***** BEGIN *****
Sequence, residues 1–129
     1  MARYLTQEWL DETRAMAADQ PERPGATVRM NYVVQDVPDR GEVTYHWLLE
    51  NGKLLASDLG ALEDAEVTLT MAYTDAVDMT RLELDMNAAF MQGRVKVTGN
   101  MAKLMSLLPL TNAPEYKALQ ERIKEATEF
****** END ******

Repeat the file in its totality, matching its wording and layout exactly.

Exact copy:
Sequence, residues 1–129
     1  MARYLTQEWL DETRAMAADQ PERPGATVRM NYVVQDVPDR GEVTYHWLLE
    51  NGKLLASDLG ALEDAEVTLT MAYTDAVDMT RLELDMNAAF MQGRVKVTGN
   101  MAKLMSLLPL TNAPEYKALQ ERIKEATEF